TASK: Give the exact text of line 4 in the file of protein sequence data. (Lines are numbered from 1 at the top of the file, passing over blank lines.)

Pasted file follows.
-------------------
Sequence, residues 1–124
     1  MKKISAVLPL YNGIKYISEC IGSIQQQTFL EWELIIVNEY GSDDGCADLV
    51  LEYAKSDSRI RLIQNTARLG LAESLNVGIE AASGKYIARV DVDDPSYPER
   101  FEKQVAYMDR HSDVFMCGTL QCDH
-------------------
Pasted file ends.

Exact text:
   101  FEKQVAYMDR HSDVFMCGTL QCDH